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3 In fashion/ ramblings

body confidence | height and femininity

Body confidence, that old chestnut.  Talk of it’s all over the place, and rightly so.  I’ve seen many a post about body confidence and feeling good in your own skin floating about the blogosphere (and the internet in general) lately, and each individual take on the topic is unique.  I’ve seen more crop up about male body confidence too, amongst other angles.  Em’s post hit the nail absolutely on the head, and Lizzy’s was a really lovely take on seeing the best in yourself too.

Something overwhelming that I’ve noticed is that nobody, not even the ones with the most enviable, ‘stop-you-eating-your-chocolate’ bodies, is immune to the down days.  Seems that way anyway.  Which is both reassuring and disheartening at the same time tbh.  Yay for ALL feeling crappy at times!  At least we’re all in it together, right?



I’d like to think that I’ve *generally* had a pretty healthy relationship with food and exercise (and by that I don’t mean always healthy, I mean a balance between health queen and pizza princess) for a few years now and that’s lead to mostly feeling OK body image wise.  I’m proud of the body I’ve worked bloody hard for, and SO glad I built lean muscles young enough to give my metabolism a bit of a kick.  At least I’m pretty sure I’ll be glad about that when I’m 30 anyway!  Doesn’t make me exempt from feeling like the size of a bus sometimes though.  I’ll quite happily prance around in a bikini some days, and not want to even look at anything resembling bodycon on others though.  We all have our good and bad days!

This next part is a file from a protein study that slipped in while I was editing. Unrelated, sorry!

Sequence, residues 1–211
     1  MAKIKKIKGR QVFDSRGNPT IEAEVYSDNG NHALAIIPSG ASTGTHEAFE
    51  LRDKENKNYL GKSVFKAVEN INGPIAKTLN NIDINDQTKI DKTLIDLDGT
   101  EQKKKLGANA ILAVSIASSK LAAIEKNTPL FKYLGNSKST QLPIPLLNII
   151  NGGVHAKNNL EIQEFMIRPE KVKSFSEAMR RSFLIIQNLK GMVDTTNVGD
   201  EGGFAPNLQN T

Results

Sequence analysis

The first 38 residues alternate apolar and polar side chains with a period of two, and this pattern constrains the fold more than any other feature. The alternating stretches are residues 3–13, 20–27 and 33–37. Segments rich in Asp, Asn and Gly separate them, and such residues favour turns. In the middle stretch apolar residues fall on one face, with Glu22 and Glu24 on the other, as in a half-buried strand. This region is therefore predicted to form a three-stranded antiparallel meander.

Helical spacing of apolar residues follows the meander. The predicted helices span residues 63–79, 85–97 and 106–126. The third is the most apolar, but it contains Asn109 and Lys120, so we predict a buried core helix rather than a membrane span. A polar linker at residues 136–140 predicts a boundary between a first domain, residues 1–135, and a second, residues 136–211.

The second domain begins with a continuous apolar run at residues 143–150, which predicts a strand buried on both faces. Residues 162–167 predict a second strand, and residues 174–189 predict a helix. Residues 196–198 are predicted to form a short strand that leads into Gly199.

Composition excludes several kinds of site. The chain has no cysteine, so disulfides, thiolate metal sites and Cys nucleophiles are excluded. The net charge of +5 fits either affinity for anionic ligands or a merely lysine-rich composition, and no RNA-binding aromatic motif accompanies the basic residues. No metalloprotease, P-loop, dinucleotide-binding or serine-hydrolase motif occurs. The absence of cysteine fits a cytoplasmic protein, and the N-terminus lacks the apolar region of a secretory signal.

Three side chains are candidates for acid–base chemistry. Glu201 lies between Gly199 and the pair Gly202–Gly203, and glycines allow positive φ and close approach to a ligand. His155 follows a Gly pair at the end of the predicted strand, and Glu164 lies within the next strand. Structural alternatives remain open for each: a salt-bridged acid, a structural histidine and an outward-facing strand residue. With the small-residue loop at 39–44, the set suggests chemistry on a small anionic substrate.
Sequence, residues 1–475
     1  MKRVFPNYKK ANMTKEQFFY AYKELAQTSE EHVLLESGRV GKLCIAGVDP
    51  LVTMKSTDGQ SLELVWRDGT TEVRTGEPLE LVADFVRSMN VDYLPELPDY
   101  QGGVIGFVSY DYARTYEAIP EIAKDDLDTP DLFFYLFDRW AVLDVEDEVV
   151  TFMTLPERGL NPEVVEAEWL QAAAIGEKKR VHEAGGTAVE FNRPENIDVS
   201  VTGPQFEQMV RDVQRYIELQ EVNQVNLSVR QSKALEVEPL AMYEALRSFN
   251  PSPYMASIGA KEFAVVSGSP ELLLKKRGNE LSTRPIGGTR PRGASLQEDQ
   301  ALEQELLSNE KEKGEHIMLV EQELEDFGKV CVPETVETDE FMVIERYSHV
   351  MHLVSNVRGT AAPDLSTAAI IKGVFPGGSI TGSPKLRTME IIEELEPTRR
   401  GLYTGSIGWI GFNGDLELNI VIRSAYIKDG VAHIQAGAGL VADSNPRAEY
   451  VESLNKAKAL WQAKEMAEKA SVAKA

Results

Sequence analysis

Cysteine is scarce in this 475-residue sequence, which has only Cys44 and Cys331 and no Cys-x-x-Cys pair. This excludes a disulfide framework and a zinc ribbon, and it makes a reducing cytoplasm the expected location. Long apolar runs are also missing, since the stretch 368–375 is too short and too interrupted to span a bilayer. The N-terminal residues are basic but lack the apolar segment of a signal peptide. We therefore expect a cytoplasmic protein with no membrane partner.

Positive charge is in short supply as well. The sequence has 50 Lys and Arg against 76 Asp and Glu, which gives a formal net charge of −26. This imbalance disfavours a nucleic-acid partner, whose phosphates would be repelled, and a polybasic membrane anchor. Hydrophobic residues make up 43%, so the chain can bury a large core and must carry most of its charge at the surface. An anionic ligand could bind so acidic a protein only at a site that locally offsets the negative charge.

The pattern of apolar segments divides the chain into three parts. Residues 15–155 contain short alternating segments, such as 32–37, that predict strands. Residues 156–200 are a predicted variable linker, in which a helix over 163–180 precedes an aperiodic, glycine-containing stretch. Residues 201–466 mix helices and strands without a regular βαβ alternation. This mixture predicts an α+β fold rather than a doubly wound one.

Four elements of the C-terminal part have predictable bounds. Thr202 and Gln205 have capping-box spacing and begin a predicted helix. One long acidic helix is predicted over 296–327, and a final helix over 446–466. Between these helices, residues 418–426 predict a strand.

So yeah, I have 13 year old Lily’s workout motivation to thank for confidence in my shape, but the very same 13 year old Lily to blame for the one thing it’s taken me a longggg while to become comfortable with.  Well kinda, anyway.



13 was probably the age I was least confident about my shape – well, height to be exact.  I’m not even that tall now since I stopped growing a few years ago (at 5’11) , but being literally head and shoulders above all the other girls and most of the boys wasn’t great fun.  I stood out like a sore thumb.  Not fun.  Especially when throwaway comments hit you right in that insecurity.  Those ‘supposedly joking but actually really hurtful’ comments stay with you for a long time, don’t they?  I remember exactly which seat, in exactly which classroom, I was sat in.  And I know my memory’s pretty good, but I don’t remember every conversation in that much detail!  Without boring you to tears with school stories, basically a boy I was friends with used to say I would always just be one of the lads because duhhh, I was way too tall to ever be thought of as an actual girl.  He genuinely didn’t mean to be nasty at all.  To him, it was just banter.  Now I know many a young girl has had far worse insults thrown at them (and so have I over the years) but that one really endured.